The right hand side of the Start Menu functions in much the same way it did in Windows XP. You can still put things like a link to My Documents (properly redirected to another hard disk, thanks), My Computer, and My Music on it. There's also an entry with your user name, which opens up to a sort of home folder (Those who do not understand Unix...). That's a nice addition, though since I show hidden files mine's filled all the various crap that Windows keeps around in a user's folder. Luckily, I need to get to these hidden places often enough that I consider this a feature. You'll also notice some icons that look to be shortcuts, but will just throw "Access Denied" error messages when you try to open them. This is frustrating, because they have names like "Start Menu" and "Application Data" where you'd expect to be able to muss with that sort of thing. The thing is, these are links so that programs that hardcode these paths can be redirected to wherever Microsoft has moved them now. I suppose no one thought that the users might want to know where those went as well (actually moved to AppData\Roaming\Microsoft\Windows\Start Menu because that's sooo much easier to find). Until I figured this out, I was rather frustrated by getting "Access Denied" from all the places I really needed to get to in order to restore my program's running settings (yep, saved my Windows user account).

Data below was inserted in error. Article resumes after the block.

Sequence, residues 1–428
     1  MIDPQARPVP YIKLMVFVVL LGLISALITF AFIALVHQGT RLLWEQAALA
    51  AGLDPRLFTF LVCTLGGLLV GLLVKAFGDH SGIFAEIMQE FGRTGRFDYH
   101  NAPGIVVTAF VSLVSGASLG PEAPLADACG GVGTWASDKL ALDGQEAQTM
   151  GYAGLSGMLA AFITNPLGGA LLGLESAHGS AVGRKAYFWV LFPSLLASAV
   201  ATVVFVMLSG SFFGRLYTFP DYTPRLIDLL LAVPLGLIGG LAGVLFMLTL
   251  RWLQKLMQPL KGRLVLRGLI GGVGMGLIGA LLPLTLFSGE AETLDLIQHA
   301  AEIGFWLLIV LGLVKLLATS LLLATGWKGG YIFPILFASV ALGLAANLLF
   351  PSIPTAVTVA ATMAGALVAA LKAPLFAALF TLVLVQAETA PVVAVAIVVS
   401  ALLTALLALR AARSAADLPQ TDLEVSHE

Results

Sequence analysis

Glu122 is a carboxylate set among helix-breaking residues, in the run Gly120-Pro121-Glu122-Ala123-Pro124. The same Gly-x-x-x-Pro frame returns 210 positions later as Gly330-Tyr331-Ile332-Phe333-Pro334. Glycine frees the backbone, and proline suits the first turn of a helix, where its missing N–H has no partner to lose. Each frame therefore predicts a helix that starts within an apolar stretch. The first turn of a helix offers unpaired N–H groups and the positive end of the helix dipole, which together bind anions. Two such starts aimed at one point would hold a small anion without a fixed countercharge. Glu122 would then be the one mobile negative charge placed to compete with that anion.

As any real Windows user knows, the only thing that really matters is performance (please add your own flavor of sarcastic tone to that), and for far too long Vista lacked it noticeably more so than any other version of Windows. SP1 was supposed to correct a lot of the performance bottlenecks, but promises are made to be broken. It's fine on the desktop using normal apps, even with the 3D desktop turned on. It really seems just as good as XP or Linux in that respect (note: my Windows installs don't generally have 100 processes running in the background like that old lady's Dell, so they really are on par with Linux desktops here). One area where Vista really takes a step back is in hard disk usage, though. I'll hear my drive randomly start seeking for no reason I can discern, even with the indexing services turned off. And it'll start doing that at the worst possible times, like in the middle of a Ranked Arena match in World of Warcraft. This wouldn't matter except is seems that Vista's new IO scheduler is a flaming pile of crap.